One of my favorite things to say is “understand that you will never fully understand.” Without trying to sound pompous, if you don’t have depression, you will never understand how someone with depression feels. Those who have depression know that fact, and only want for you to acknowledge it too. Even if they don’t show it, people are incredibly appreciative when you make an effort to try and “work with them,” even when you don’t completely understand the way their mind works.

Depression is hard enough on its own – adding another person to the mix can make it even trickier. But this isn’t a reason to avoid relationships. Having another support figure in life who not only loves you, but accepts you and makes an active effort to be compassionate and stick with you to the bitter end can do wonders for a mind suffering from depression. It isn’t easy, I know. But few things in life worth doing ever are.

Stay strong.

– Ryan

Some words of encouragement

I want you to know that you’re worth something.

I want you to realize that, whatever problems you may be dealing with, you are never alone.

I want you to understand that people, even those you may not realize or talk to every day, are here for you.

I want you to know that whatever may have happened yesterday, last month, last year, last decade, doesn’t affect how wonderful you can make the future.

I want you to realize that you can overcome anything that comes your way, no matter who or what tells you otherwise, including your own mind.

need you to understand that there are good people in this world, around every corner, who won’t judge you, or abuse you, or put you in a place you have no desire to be in.

need you to understand that you are stronger than any self-deprecating thought that crosses your mind.

I want you to know that I know being strong isn’t easy, but nothing worth doing ever is.

I want you to know that no outside opinion of you matters, only the light you view yourself in.

need you to know that people care. I need you to know that I care. He cares. She cares. They care.

I want you to know that there are people out there who, when they look at you, see the sun.

Stay strong.

– Ryan

Take care of yourself – first.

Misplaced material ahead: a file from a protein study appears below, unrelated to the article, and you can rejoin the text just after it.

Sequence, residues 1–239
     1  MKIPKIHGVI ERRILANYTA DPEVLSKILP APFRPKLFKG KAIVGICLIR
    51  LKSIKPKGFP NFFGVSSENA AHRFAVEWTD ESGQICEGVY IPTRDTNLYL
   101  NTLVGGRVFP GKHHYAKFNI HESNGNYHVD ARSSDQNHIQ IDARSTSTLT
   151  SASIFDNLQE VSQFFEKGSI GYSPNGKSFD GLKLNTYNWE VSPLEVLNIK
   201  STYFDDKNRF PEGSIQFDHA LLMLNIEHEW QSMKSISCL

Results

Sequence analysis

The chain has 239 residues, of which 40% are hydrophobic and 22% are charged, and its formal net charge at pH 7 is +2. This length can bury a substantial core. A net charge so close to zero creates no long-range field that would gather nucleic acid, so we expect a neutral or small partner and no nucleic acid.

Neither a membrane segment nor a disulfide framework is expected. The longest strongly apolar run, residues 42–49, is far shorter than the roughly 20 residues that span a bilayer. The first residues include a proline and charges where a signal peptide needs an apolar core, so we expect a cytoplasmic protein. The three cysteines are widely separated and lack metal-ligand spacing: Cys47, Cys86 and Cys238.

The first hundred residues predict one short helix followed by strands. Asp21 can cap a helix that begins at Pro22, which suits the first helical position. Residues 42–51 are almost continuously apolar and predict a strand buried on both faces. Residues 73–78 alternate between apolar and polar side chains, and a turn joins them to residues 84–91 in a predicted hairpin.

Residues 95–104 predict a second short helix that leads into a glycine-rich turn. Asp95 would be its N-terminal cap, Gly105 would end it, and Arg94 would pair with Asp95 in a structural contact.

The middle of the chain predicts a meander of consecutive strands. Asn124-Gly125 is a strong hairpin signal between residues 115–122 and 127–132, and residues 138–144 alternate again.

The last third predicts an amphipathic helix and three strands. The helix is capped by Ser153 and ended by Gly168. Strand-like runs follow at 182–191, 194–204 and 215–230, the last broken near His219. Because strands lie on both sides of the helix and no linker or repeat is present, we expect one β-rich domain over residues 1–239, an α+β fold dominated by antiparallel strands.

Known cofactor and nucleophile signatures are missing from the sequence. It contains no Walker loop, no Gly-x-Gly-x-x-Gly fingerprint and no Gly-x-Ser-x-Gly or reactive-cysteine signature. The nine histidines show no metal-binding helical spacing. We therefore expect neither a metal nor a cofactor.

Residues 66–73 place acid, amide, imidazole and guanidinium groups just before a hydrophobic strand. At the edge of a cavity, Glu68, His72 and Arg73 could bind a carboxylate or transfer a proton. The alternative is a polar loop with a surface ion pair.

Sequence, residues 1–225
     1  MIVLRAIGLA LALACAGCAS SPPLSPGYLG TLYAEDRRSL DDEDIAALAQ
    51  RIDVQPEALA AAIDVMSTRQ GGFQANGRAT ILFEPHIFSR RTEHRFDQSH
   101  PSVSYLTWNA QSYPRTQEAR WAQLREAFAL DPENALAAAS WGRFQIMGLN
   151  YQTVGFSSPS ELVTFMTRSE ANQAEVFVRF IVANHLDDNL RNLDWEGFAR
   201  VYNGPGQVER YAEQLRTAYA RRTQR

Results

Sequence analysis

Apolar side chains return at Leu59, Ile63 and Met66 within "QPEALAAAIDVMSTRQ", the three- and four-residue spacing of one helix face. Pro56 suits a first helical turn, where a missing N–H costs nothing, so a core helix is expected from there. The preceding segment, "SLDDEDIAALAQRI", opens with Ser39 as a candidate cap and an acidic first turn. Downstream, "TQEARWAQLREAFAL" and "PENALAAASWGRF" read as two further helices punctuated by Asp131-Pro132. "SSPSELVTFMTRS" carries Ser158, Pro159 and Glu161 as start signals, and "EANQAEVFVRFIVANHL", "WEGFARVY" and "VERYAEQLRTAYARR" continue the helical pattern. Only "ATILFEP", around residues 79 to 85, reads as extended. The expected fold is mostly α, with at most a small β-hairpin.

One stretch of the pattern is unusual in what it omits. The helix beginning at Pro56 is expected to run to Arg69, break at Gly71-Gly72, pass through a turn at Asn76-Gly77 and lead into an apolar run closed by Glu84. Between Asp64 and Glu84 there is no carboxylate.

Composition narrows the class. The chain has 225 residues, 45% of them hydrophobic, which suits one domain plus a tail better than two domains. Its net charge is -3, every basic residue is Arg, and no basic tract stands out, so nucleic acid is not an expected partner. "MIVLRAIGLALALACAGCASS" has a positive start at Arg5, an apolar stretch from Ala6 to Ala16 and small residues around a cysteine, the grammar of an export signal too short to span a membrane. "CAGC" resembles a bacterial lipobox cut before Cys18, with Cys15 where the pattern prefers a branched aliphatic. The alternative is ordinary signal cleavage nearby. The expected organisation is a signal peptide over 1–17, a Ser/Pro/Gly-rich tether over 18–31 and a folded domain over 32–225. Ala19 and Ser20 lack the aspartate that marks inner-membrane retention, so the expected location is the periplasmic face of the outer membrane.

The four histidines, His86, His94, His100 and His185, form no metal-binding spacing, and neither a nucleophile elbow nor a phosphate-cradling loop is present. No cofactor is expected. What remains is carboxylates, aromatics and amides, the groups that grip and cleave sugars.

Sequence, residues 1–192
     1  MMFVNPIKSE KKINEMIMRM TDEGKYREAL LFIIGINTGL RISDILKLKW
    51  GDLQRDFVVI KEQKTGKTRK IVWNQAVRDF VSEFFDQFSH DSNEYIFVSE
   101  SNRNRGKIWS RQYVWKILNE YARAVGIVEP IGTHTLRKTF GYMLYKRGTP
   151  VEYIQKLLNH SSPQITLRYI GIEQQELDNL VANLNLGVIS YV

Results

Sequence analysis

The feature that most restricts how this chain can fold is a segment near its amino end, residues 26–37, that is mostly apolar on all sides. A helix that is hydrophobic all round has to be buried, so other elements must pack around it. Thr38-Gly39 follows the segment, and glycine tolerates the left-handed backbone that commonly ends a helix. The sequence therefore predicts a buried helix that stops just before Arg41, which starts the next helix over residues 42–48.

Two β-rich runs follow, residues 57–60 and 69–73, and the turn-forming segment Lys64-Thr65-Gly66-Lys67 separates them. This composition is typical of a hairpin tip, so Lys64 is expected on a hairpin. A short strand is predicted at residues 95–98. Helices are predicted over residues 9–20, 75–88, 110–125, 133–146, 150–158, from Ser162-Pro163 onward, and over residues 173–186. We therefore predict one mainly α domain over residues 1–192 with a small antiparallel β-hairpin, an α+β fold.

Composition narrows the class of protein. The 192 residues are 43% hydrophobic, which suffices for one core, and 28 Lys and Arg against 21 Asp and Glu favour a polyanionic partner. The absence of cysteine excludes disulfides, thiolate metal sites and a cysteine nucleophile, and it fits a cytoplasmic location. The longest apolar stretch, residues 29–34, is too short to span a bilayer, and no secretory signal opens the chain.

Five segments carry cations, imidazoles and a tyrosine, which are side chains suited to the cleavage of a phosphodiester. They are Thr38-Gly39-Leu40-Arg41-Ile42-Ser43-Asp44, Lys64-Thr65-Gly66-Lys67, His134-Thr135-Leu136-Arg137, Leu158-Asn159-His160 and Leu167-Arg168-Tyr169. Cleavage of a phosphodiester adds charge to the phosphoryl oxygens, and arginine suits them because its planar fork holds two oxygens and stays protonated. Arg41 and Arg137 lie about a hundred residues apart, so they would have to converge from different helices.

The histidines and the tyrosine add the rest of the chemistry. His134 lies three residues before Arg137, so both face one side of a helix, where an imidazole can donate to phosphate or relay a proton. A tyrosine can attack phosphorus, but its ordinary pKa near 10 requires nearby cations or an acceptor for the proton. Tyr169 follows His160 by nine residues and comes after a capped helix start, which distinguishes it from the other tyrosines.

Growing up, a majority of us are taught to always put others before ourselves. This isn’t a bad thing – this mindset has the tendency to not only teach us compassion, but see it received firsthand. We’re told to treat others the way we want to be treated, and that our experiences with others will go towards shaping ourselves as individuals. In my opinion this is most certainly true – human beings are infinitely shaped by contact with other human beings (among many other things). The intent of putting others first is a great one, as it promotes compassion, acceptance, and patience. But is there a point where this becomes too much?

As crude as it may be to compare human beings to machines, hear me out for a moment: our bodies and minds are much like them. A machine for, let’s say, manufacturing, exists to manufacture goods. As such, it puts all of its energy into pumping out these products, as long as it receives some sort of energy from another source. Electricity, water, wind, etc. These pieces of metal, which are designed specifically to pour their energy into these tasks, still need that energy from somewhere. So, everything else aside, let’s say humans are “compassion machines.” Put aside your personal beliefs for a moment and pretend that humans are specifically meant to pour out compassion unto others. These “compassion machines” put every ounce of their energy into being kind to others, being selfless, being patient, and every other way of “being good” to others. However, if they don’t receive energy from elsewhere, as an actual machine does, it crashes and burns. It overheats, it smokes, it starts sleeping all day, it might start throwing back a few beers each night to help it forget…not only are humans much more complicated than machines, humans deal with their problems in many different ways than machines.

Being good to others is good. It’s great, it’s fantastic, it’s what we should all strive for each and every day we’re on this earth. But in order to do this effectively, we need to step back and realize that we aren’t some sort of “infinite-power” machine. We need rest and recuperation, we need to hit the power button at the end of the night. Plug in and recharge, however you feel it best to do that (it goes without saying that there are healthy and unhealthy ways of recharging, but that’s a different subject entirely).